After leading the Oak Harbor Rockets to a 20-5 record, a spot in the Division III District Finals and a second-place finish in the Sandusky Bay Conference, Tom Kontak was named the Associated Press District 7 Co-Coach of the Year.
Kontak, who shared the honor with Liberty-Benton’s Nate Irwin, was joined on the All-District Team with his top player, sophomore forward Andrea Cecil. Cecil, who averaged 19.6 points and 7.6 rebounds per game, helped lead Oak Harbor to the district finals, where they fell in heartbreaking fashion, 40-37, on a buzzer-beater to Bucyrus Wynford.
Port Clinton forward Tiffany Colston, with a per-game average of 13.5 points and 8 rebounds, also earned first-team honors at the Div. II level. Colston helped lead the Redskins to an 18-5 record and a second-place finish in the SBC. In her final two years, Port Clinton went 39-9, won a sectional title and twice finished second in the league.
Both Colston and Cecil earned first-team SBC honors as well. “It’s exciting (to receive the honor),” Cecil said. “I was the only sophomore with (a group of) seniors. It’s exciting that people think of me like that.”
The award is a special honor for Kontak, who has a career record of 127-57 (.690), including 36-13 (.735) with the Rockets. In his eight years, Kontak’s teams have won five sectional titles and advanced to the district final four times, falling excruciatingly close in each of the last three tries. He was named the Coach of the Year in 2009 by his fellow coaches, but this time the honor was bestowed upon him by sports writers all over northwest Ohio.
“It’s a great honor,” Kontak said. “For Andrea, too. It’s recognition for our program from a lot of reporters in the area who saw a lot of games from the area teams. (Our district) covers a lot of area.”
That area was home to several fine clubs this year like Archbold and Liberty-Benton, both of whom advanced to regionals, as well as other good teams like Elmwood, Genoa, Ottawa Hills and Rossford.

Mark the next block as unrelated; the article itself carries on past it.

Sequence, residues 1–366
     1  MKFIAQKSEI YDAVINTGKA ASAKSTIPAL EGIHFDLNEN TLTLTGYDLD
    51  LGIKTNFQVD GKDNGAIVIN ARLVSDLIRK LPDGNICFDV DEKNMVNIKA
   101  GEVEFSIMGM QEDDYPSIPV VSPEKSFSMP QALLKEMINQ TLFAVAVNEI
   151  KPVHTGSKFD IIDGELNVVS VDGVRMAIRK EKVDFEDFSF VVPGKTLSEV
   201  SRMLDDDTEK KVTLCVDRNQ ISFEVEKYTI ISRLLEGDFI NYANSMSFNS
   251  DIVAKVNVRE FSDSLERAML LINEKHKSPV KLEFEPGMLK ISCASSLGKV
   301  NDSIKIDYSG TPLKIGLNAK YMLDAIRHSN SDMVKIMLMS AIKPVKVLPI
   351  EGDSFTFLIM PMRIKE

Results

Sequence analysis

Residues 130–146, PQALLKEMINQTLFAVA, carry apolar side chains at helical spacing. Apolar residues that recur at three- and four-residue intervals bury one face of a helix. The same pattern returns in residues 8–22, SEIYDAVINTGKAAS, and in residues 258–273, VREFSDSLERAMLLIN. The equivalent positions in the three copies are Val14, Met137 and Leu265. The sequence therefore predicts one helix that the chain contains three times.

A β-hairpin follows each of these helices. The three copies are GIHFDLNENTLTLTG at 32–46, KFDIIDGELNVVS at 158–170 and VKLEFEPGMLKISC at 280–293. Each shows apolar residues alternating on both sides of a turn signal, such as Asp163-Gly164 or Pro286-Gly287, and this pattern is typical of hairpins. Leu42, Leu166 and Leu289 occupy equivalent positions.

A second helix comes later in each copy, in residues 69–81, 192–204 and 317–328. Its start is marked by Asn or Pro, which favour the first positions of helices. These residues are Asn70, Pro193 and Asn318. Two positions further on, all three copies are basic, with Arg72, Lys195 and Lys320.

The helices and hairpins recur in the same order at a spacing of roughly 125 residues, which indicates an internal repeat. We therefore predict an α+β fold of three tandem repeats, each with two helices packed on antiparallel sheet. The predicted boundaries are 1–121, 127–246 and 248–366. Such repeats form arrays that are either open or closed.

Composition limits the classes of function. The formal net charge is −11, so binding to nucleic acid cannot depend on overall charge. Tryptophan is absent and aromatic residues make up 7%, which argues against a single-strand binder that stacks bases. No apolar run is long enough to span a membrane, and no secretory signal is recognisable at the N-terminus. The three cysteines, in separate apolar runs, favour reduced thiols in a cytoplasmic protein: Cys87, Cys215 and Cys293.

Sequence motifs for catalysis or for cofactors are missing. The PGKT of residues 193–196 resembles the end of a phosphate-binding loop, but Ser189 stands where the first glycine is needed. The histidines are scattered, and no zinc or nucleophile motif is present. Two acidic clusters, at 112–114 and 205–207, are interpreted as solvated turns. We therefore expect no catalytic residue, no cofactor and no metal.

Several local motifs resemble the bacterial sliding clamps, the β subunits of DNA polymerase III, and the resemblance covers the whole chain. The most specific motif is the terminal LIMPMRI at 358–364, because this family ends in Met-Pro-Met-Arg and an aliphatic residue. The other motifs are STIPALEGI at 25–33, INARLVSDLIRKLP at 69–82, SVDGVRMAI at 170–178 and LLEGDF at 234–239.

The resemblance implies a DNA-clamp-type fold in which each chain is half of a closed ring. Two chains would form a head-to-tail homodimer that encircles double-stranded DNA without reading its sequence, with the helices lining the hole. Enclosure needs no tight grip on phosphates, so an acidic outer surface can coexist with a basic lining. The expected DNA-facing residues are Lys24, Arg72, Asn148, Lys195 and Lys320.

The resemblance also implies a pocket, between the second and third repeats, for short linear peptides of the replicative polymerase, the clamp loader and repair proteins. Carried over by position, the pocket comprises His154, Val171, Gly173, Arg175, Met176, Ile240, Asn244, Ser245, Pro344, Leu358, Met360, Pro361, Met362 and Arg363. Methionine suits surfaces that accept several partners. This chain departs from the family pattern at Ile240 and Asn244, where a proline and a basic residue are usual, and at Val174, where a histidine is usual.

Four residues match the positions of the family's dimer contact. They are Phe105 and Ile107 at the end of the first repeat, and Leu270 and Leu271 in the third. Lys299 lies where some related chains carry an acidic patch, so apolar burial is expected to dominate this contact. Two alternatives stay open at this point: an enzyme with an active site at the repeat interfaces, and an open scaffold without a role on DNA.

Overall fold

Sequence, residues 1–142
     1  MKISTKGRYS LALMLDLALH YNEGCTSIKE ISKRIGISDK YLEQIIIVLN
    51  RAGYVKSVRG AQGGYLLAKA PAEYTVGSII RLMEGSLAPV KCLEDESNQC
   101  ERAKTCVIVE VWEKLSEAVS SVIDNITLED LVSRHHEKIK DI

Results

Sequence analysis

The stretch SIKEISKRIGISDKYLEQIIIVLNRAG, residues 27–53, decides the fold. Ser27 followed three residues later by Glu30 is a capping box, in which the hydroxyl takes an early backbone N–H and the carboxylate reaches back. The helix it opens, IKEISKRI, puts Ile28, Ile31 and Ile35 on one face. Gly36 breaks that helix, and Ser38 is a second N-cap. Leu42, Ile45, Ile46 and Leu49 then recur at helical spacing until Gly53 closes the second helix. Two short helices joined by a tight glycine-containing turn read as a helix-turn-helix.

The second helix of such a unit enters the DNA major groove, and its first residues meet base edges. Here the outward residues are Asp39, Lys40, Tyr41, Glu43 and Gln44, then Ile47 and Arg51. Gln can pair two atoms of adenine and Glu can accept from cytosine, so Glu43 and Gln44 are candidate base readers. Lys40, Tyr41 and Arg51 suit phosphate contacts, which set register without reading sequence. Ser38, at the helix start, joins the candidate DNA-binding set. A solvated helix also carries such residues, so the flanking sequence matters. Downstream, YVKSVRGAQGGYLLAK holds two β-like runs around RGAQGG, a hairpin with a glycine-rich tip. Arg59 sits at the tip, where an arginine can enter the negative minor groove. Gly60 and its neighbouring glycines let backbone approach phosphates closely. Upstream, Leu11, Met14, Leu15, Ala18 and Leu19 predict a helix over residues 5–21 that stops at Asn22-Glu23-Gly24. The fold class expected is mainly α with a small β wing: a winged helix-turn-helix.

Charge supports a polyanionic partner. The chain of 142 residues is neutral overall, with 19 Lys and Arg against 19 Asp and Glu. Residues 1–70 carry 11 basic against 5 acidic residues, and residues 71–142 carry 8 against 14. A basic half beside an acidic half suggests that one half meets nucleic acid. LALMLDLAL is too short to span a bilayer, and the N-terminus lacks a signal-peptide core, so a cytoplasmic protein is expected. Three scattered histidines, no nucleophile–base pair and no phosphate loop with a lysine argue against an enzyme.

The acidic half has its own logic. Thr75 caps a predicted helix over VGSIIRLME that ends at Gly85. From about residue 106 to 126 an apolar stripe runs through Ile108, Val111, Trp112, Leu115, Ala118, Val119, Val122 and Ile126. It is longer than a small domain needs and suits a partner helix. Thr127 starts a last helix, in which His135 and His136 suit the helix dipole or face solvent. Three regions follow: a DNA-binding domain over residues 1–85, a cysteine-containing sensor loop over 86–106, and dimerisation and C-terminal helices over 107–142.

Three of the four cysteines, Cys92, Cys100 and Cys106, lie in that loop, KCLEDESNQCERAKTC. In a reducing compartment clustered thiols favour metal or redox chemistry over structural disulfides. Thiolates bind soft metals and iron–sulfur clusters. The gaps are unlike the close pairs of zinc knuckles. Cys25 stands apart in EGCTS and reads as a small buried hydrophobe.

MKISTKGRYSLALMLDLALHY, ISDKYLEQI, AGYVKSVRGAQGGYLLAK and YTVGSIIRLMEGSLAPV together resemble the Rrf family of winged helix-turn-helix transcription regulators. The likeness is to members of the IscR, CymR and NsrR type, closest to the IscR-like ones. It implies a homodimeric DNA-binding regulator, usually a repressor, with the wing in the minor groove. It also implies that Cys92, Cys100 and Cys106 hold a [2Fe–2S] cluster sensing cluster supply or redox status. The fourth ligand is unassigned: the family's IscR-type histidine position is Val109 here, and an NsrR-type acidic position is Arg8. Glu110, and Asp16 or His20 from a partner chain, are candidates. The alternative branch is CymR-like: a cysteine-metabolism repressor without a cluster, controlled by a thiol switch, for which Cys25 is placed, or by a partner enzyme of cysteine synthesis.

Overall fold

“This (award) is about the respect that our program has garnered throughout northwest Ohio,” Kontak said. “I think that’s because we win, we win a lot and we do it in a first-class manner. We’re not going to back down, but we’ll be respectful (towards our opponents).”
Kontak credited his players for their work ethic and success this season, a group that included Cecil, seniors Amanda Hetrick and Nikki Weis, Emma Barney, Maddy Rathbun and Athena Eli, Allie Kuhn, Brandy Lochotzki, Oliva Rollins, Alexa Weis and Emma Bergman. He also credited the players’ families for allowing him to do his job.
“I appreciate the families that are supportive of me teaching their daughters,” Kontak said. “They trust me to teach their daughters about the game and some life lessons.”
Kontak also spoke about his band of assistants, a group that’s included Art Eli, Chris Rawski, Ralph Mills, Mark Boukissen and John Kontak, his son.
“We’re all very close,” Kontak said. “Our families all know each other. Art and I were together at Genoa. He’s the most loyal person I’ve ever met. He sent his kids to Oak Harbor (after I got the job here). Chris is like a consultant for us. We teach across the hall from each other (at Genoa) and have coached softball and basketball together. We’re like brothers. It’s like a big brother-little brother relationship. And Mark and Ralph bring a calm, a sense of community to the team.
“You’re only as good as the people around you.”
When Kontak and Rawski coached softball at Genoa, the Comets went a combined 167-52 (.763), won a couple of Suburban Lakes League titles, seven sectional crowns and advanced to the Div. III Final Four in ’06.
“We spend a lot of time together,” Kontak said of him and assistants. “We game plan together, we each have our role. Art looks at the other team and makes our in-game adjustments. Mark and Ralph listen to the girls and talk to them and get a feel for the game. And they work well with our younger girls. You put that together and you’ve got a well-rounded staff.”
As you might expect, Cecil was happy for her coach.
“He deserves (the award),” she said. “(Coach Kontak) works so hard. We can see when he’s been thinking about about what to do for a game.”
Cecil also talked about what makes Kontak such a good coach.
“Every single drill we do, it’s in a game-like situation,” she said. “They all have a purpose.”
“We work on the little things,” Hetrick said. “It’s about making sure everything is done how it’s supposed to be done.”